ITC (Iranian TV Canada) begun in October 1994 as a thirty-minute television program titled Shahr-e Ma TV (Our City TV) on Rogers’ television. In 2000 the show was picked up by CityTV and expanded to a one-hour program. In 2007 the show was transformed into a 24-hour program available via satellite and Internet.
۱. Please describe your program? What are you known for? Who are your contributors? What do you focus on in your issues/episodes?
Our show is a social and cultural program that showcases the activities of the Iranian community in Toronto. We are focused on local coverage, which includes featuring cultural activists within the community. We have a strong relationship with various Iranian foundations, associations, and organizations, which allows us to cover their events and enables those unable to physically attend such gathering to take part as television viewers.
In our program we strive to represent the diversity of the Iranian community in Toronto, we conduct interviews, reports and profiles of artists, writers, and entrepreneurs.
Our main role is information sharing and raising awareness within the community. We hope that our program assists in expanding our community’s vision in terms of democracy, freedom and the opportunities that are available here.
۲. Who is the audience/readership for your publication/program? Has this demographic changed? If yes, how?
Most of our audience consists of families. Our primary audience has not changed in the past ten to fifteen years. Although young people may not watch us, families continue to be loyal fans of the show and follow us as we grow.
۳. In your opinion what are the roles and responsibilities of ethnic media? How does ethnic media represent immigrant communities? How does ethnic media represent certain nationalities (i.e. the people of Iran)?
Once again I believe that awareness and information sharing are our main functions. In terms of the roles of ethnic media, I think this comes back to what kind of outlet they are, are they a sports program, political show, news outlet? I think the roles and responsibilities change for each kind of media.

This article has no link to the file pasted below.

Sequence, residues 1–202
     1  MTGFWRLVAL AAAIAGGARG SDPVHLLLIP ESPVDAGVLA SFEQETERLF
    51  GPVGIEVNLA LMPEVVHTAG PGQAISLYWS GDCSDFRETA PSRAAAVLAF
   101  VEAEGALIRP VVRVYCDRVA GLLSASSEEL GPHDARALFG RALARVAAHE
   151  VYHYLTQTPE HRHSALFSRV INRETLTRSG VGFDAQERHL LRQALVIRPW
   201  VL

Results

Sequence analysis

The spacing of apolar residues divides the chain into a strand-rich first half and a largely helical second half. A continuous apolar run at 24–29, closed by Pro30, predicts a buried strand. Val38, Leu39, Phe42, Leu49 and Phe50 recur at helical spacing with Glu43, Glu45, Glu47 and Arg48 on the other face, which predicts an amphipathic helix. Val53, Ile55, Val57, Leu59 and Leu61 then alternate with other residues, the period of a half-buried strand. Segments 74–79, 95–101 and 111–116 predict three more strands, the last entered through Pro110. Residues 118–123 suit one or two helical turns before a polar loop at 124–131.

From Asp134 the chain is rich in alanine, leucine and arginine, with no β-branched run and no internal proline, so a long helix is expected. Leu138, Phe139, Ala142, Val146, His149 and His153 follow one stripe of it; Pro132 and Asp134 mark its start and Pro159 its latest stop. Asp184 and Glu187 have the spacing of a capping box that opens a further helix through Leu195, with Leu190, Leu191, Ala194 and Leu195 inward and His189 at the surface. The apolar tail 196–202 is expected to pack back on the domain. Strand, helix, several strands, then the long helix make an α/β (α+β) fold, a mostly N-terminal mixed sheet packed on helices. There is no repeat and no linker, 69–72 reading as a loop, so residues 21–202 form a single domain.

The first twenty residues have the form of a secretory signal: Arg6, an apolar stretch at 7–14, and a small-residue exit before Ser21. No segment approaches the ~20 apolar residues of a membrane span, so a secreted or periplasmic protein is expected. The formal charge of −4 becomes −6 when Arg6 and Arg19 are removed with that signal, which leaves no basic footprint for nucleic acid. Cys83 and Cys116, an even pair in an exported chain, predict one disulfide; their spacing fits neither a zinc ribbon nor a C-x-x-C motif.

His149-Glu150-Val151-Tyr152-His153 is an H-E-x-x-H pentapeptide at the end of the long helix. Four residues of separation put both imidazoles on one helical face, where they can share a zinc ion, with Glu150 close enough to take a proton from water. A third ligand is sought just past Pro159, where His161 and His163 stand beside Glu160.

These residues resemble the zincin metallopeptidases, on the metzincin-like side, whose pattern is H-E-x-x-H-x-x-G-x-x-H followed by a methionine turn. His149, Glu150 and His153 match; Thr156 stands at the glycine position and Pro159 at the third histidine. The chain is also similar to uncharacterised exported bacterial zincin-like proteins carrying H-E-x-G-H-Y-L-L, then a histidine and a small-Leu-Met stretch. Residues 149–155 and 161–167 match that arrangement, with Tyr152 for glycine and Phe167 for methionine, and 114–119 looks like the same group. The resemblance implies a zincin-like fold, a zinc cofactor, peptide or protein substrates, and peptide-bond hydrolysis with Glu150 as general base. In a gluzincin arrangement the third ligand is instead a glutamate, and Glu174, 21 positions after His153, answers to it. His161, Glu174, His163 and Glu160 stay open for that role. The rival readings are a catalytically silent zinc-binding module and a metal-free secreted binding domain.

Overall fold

However, speaking more generally, I believe that ethnic media must show the correct paths to people, and to dissuade people from threading on paths that reject culture and trample on morality. Media is the real leader of society and has to act accordingly with a sense of moral and ethical responsibility.
Our program showcases our national and cultural events customs and traditions. Celebrations like Nowruz, Mehregan, Chaharshanbe Soori – it allows for the showcasing of our dance, arts, culinary delights and costumes.
Iran is a country with multiple religions, as such we focus on the elements that unite our national traditions rather than divide us. Our program allows us to showcase the unity of our nation and celebrations are an ideal means of creating and fostering this feeling of inclusion.
۴. What if any are the relationship between ethnic media and mainstream Canadian society? Does ethnic media relate to mainstream media? Does ethnic media have a relationship with the municipal, provincial and federal governments?
Unfortunately I think that we don’t have a relationship at the moment but we should strive to foster such connections. In reality, we are a culture nestled inside another culture and as such we must be responsive to the society that envelops us.
The relationship between ethnic media and various levels of government is also very weak. The government has to do more to foster this relationship. After all we are the outlets that can bridge the linguistic divide between Farsi speaking newcomers and English speaking society. The government needs to further resources, staff and departments whose role is to establish relationships with ethnic media.
۵. How do you see the future of ethnic media in Canada? Will we continue to have multi-lingual publications that cater to various ethnic and linguistic communities?
We are growing. The diversity within the media is a sign of the growth and progress in our society.